Simply Series: Bitcoin Improvement Proposals Explained


Bitcoin Improvement Proposals or BIPs are design features, inputs, ideas, information, or changes for essentially how Bitcoin works. Topics can vary to virtually anything regarding Bitcoin.

They are proposed to the Bitcoin community (users, miners, developers, businesses, investors, etc.) in a concise but detailed technical document.

Think of them like rules of a game. Let's use playing a game of Tic Tac Toe with you and your 4 friends (5 total) as an example.

There is Rule #1 explaining how to create the 9 x 9 grid.

There is Rule #2 stating that you must use X's and O's.

The Bitcoin community votes and the proposal is either approved or denied. If it is approved, it becomes part of Bitcoin's standard documentation.

Back to Tic Tac Toe. Down the line, you decide that X's and O's reminds you of hugs and kisses and the lack of love you received as a child.

You propose to use D's and P's and all of your friends agree because they feel your pain.

Thus, a new rule (Rule #3) is born and Rule #2 is obsolete.

BIPs are NOT always mutually exclusive. Their topics can be unrelated and more than one can apply.

In our Tic Tac Toe example, because you follow Rule #1 does not mean you don't follow Rule #2. You create a 9 x 9 grid AND use X's and O's.

Not necessarily everyone will follow all BIPs.

A group in the Bitcoin community can choose not to follow a BIP thus creating a separate group of users following the old set of rules and a group following the new set of rules. 

These two sets of BIPs may not be compatible and can be mutually exclusive. One BIP can make another BIP obsolete making it impossible for the groups to follow both sets of BIPs.

The groups becomes a separate entities in a sense. This is called a hard fork.

Let's say 3/5 people in your Tic Tac Toe group do not agree on Rule #3, using D's and P's.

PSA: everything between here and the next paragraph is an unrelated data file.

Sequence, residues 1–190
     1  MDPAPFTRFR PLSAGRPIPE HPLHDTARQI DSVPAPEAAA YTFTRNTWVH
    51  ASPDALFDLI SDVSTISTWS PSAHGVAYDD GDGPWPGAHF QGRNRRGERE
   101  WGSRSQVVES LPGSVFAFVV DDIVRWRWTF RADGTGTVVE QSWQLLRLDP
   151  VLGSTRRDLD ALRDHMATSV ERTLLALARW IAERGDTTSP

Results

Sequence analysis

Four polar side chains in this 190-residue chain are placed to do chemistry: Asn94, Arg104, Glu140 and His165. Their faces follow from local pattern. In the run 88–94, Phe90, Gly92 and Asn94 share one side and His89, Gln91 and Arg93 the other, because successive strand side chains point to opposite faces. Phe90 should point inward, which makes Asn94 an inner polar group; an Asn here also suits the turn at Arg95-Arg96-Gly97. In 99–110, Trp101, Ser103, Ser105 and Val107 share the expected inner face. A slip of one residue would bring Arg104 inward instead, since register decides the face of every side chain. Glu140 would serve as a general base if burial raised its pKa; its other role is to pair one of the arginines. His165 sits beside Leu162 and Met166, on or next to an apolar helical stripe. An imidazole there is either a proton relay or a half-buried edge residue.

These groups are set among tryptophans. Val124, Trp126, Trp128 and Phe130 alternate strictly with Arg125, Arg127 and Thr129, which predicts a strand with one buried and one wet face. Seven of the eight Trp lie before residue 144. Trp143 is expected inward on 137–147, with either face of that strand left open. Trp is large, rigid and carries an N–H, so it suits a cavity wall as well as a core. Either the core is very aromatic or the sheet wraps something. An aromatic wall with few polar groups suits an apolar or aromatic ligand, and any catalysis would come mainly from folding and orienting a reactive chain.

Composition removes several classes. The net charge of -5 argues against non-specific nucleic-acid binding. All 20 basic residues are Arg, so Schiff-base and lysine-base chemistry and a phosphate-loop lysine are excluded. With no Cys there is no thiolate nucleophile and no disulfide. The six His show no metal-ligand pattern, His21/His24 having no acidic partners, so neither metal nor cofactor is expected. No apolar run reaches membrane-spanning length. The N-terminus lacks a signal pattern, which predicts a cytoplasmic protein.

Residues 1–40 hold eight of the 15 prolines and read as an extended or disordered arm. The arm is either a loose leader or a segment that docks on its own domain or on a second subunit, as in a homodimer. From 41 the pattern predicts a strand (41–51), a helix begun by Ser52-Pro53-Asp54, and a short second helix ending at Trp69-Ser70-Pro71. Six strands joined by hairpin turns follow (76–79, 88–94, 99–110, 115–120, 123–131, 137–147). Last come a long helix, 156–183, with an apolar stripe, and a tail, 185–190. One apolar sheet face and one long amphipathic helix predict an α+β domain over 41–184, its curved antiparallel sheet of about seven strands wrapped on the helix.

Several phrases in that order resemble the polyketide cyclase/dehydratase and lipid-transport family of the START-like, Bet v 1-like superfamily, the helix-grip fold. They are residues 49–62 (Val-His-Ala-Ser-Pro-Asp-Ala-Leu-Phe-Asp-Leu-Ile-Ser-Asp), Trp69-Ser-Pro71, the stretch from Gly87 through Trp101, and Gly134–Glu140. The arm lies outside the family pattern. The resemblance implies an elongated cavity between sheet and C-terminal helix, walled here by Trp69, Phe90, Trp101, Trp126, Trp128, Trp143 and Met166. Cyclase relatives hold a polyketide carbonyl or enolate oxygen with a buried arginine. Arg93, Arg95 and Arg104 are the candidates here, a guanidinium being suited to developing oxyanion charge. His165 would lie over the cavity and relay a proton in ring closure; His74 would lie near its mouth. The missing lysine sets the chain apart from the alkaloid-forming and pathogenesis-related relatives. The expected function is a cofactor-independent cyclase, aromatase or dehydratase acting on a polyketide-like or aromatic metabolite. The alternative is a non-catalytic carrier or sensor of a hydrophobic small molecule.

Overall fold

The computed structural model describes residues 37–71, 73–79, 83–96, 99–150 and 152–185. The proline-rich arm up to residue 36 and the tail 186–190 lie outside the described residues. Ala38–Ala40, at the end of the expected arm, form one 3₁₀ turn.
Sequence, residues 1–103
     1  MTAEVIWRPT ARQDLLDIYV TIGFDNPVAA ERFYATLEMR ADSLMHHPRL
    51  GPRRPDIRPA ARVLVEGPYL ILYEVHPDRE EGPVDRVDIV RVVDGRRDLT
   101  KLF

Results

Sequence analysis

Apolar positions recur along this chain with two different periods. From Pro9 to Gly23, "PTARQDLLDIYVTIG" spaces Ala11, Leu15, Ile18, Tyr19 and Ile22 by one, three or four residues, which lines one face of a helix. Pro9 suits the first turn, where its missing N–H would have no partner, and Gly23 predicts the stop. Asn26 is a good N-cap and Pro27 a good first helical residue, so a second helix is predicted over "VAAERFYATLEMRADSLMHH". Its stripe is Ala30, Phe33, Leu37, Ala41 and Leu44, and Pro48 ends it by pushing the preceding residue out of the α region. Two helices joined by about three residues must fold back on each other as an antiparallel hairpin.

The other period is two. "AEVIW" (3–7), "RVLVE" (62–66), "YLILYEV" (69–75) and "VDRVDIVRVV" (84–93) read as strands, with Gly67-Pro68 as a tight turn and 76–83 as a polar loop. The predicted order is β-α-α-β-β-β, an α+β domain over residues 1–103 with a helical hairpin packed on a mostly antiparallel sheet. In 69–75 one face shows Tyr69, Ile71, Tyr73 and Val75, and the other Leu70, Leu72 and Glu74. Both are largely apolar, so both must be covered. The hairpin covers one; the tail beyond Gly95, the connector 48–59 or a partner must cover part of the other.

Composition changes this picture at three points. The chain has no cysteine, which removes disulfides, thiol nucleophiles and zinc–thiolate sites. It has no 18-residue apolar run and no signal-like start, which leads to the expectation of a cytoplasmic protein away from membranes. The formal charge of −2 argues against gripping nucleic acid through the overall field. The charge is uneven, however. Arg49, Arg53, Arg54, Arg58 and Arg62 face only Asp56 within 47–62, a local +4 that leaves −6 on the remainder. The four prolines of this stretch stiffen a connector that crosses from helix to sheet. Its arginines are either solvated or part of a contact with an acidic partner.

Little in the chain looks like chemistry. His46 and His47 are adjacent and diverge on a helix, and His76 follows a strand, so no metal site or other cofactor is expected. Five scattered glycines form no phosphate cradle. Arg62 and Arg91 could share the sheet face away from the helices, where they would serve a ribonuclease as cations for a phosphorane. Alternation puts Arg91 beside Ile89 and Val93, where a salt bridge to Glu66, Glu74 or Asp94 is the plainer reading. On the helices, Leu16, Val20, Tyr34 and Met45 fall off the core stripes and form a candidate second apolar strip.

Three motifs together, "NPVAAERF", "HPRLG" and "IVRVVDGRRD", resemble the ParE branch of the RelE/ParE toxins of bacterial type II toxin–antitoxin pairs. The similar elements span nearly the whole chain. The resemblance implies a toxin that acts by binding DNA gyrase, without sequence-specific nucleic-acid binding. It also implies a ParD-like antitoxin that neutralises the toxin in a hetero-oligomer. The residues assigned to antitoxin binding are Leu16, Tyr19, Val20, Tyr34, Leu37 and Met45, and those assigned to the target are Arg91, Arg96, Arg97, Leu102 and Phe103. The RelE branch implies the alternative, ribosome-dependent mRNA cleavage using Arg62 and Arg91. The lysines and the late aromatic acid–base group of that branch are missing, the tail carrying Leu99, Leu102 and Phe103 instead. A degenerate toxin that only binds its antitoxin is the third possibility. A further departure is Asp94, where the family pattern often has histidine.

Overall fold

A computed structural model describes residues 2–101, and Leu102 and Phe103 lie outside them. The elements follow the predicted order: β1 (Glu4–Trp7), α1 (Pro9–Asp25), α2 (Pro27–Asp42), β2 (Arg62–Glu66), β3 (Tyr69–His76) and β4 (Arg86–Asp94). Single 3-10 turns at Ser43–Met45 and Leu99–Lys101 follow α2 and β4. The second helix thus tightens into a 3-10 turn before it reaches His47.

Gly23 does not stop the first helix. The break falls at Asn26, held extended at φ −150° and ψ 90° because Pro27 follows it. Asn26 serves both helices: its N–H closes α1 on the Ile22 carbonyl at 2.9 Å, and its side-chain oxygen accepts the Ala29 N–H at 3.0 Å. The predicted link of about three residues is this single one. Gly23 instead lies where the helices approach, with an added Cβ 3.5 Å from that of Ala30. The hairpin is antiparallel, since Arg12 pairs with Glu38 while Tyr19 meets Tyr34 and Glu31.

But your heart cannot bear to play using X's and O's.

So you and your supportive friend (2/5) decide to go off and play your own game of Tic Tac Toe using Rule #3 of D's and P's.

Your new group no longer recognizes X's and O's.

The three others continue their game with the old rules (with X's and O's).

The old group does not recognize D's and P's.

Thus, your new group and the old group can no longer play with each other. 

But, it is possible for two sets of BIPs to be compatible. A new BIP may introduce a new functionality that is not necessarily required for Bitcoin's core function.

A minority group may decide not to follow the new BIP temporarily but both groups can still function with each other.

This is called a soft fork.

Let's go back and say your Tic Tac Toe group agreed and do follow Rules #1, #2 (now obsolete), and #3.

Someone in your group proposes that you all wear fedoras while you play. You are the only one to disagree because you cannot afford to purchase fedora until next week.

But the majority agreed and created Rule #4: Four-doras.

Your 4 friends begin wearing fedoras while playing Tic Tac Toe. And then there's you, fedora-less. You can still play with them. You just don't look as cool.

m'BIPs